2/16/00 - Bit of a shock the other day. Gust our older retriever, caught and badly maimed a pine marten. It was a vicious sight and extraordinary because the hundreds of chase hours logged by Sunnie and Gust have, to the best of my knowledge, resulted in one squirrel kill (nearly botched). Imagine my surprise when I looked out and saw Gust's jaws firmly clamped around the belly of a pine marten. The violent shaking was a terror, and I noted rarely seeing Gust in such a no-nonsense posture - hackles up, legs spread wide to support the blurring shakes, and an overall firmness of muscle and intention I had not considered in this slightly over weight, lounging retriever. Despite this intensity, this was a big chore, and I began to wonder if Gust had the requisite know-how to satisfy the urgings of his instincts. Gust employed a strategy of brief, vigorous shakes, after which he would hold still for a quick assessment. Each time he found the pine marten "coming to", diving in for a violent kiss. After one session, the marten appeared to make contact with Gust's nose, prompting a dropped marten, which immediately lunged for a nip at Gust's paw. Gust leaped away and both animals sat a few feet away staring into space. The marten's back was broken and it began to feebly drag itself. Sunnie, inexplicably, skulked in the woods apparently conflicted. Gust continued to stare. In the interest of hastening the marten's last moments and avoiding anymore bites which might result in a trip to the vet, I intervened, finishing the marten with the .22 rifle. It was sad, as I enjoy watching the martens, especially this year as we have kept them out of the buildings!

The moment when Gust stared into space is etched in my mind. It seems a defining moment, one I cannot imagine a wolf enacting. It seemed a sensation of genuine confusion, where instinct was at odds with experience. My hunch is that wolves have learned by experience to avoid martens whose bites and viciousness are as painful and willful as the action of a sewing machine engaged in an errant finger. I also suspect, if a wolf were in the act of killing a marten it never would have turned its back on it, but instead, switched to a more decisive grip to the neck.

The whole scene was a little disturbing, not because of the violence, but for the sense of an act poorly done. In our cultivation of dogs, something like the spring of a venus fly trap was lost. Dogs are dependent on us, like children, but sadly they never blossom into beings of independence and skill. Though their need for us is comforting, it is also a burden, especially on days like yesterday, realizing that there is a yearning buried deep under mounds of Purina, which is cut off from the daily cycles of snapped necks, clasped talons, rabbits becoming lynx, and tearing red muzzles. OB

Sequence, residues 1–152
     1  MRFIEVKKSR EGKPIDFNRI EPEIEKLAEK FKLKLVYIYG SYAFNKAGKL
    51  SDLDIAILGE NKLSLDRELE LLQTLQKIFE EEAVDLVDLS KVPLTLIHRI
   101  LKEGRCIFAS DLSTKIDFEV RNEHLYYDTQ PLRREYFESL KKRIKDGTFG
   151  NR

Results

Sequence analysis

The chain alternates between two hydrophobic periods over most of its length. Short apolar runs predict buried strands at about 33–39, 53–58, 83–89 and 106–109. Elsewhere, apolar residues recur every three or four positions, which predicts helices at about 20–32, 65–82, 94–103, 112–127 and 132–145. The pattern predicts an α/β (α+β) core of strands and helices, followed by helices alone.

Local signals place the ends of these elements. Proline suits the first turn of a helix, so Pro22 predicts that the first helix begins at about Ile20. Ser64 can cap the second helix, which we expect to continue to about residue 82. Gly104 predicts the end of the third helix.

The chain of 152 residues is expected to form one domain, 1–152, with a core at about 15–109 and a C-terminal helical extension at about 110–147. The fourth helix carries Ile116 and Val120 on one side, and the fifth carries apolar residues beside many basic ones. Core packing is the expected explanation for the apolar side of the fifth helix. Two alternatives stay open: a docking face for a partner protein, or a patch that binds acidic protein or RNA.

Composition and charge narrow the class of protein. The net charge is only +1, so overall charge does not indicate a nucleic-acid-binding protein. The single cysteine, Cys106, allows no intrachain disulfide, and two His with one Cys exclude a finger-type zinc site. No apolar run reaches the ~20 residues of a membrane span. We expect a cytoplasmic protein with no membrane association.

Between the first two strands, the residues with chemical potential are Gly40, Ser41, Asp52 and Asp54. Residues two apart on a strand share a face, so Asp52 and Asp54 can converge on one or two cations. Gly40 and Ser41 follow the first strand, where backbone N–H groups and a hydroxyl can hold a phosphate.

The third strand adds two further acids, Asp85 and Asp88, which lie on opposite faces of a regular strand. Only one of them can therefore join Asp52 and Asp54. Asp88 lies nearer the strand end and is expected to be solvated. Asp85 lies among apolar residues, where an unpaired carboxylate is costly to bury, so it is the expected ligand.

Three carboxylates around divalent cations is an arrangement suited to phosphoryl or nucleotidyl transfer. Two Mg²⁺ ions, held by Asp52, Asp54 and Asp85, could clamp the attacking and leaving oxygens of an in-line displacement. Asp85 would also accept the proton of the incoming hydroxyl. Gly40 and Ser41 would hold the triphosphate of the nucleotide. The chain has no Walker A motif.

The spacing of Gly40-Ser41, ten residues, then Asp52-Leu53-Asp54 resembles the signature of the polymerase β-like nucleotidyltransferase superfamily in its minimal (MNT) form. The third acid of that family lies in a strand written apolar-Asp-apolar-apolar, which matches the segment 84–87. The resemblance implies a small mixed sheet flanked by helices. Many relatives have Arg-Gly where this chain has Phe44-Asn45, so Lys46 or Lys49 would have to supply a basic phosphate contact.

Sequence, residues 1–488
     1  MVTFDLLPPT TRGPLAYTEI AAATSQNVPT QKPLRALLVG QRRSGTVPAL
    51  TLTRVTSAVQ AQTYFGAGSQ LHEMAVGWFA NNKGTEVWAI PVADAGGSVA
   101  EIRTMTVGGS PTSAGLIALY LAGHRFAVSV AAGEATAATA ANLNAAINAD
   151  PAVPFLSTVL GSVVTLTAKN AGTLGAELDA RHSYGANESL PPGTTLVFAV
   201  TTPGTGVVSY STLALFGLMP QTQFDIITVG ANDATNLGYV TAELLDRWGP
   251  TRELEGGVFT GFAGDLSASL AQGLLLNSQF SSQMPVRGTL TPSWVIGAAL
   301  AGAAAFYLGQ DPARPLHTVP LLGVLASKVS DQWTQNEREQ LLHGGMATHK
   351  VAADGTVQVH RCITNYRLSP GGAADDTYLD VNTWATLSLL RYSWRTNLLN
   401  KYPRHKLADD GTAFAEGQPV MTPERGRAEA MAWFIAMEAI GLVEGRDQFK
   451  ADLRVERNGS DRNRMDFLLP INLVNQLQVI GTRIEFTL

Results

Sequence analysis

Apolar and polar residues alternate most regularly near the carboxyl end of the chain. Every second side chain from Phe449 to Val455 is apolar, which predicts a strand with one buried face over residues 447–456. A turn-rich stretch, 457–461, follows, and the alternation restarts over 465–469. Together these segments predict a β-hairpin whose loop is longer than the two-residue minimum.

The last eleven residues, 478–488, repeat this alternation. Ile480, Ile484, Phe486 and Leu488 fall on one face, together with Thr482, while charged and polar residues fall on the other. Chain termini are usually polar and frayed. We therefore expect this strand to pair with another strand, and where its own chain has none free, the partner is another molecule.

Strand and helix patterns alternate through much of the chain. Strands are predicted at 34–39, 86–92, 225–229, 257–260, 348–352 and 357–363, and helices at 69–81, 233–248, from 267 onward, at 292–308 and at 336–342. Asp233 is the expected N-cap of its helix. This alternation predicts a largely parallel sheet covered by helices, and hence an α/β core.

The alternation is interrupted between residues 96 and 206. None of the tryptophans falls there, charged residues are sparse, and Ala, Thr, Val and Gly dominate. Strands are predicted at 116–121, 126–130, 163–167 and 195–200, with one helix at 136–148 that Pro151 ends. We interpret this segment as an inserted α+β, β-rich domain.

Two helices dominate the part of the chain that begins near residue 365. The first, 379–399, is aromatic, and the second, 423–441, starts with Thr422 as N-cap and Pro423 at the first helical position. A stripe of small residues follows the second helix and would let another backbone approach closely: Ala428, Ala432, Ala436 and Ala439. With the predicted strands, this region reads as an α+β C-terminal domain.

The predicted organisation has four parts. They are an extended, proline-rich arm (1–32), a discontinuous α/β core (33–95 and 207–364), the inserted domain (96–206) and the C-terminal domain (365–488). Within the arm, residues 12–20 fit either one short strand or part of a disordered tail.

2/9/00 - We received the following email and photo the other day:

Hi to all,

This is a picture taken on July 4, 1999 minutes before the rage that occurred that day. We had taken shore on the north end of Sawbill Lake at the 2nd or 3rd campsite on the east side of the lake. The time of day is about 12- 12:30 PM. Notice how dark it is. Within minutes of this shot, it was even darker and the air was filled with water, both from the rain and from the lake.

Picture was taken by Karen Cook of Mound, MN with a Kodak Weekender waterproof camera looking south.

Keith Cook

2/2/00 - Many of our canoes pass through the work shop during the winter for routine maintenance. I look at all the scratches that build up over the seasons and see that the canoes come to have a certain luster, a broken in look. Though the new canoes look more crisp, the older canoes have a seasoned look, softened at the edges, seemingly more fit for this landscape. I know many of the canoes by sight, and mainly I conceptualize them as our canoes, seeing them in my minds eye either on the racks or stored for the winter. Today, as I stood with four canoes in the workshop, I thought of how many stars or raindrops they have sat below patiently waiting on distant shores. I wonder about the waves a certain canoe has traversed, or the drift another performed at the stillness of a moose sighting. I see one is newer, probably not yet made it over to Kekekabic or east to Gaskin. Likely it will be steered there soon, en route occasionally bumping a bit of the country or resting against a log under a swarm of black flies and a worn out portageur. The path will take away the shine, just as the wind transforms the youthful symmetry of the white pine. Then the canoe will be broken in, and after another year or two, we will sell it to one of you who have come under the spell of this place too, and having weathered a few storms and rocky portages are getting to know it well enough to explore it on your own. OB
Current Sawbill Newsletter | « January 2000 | March 2000 »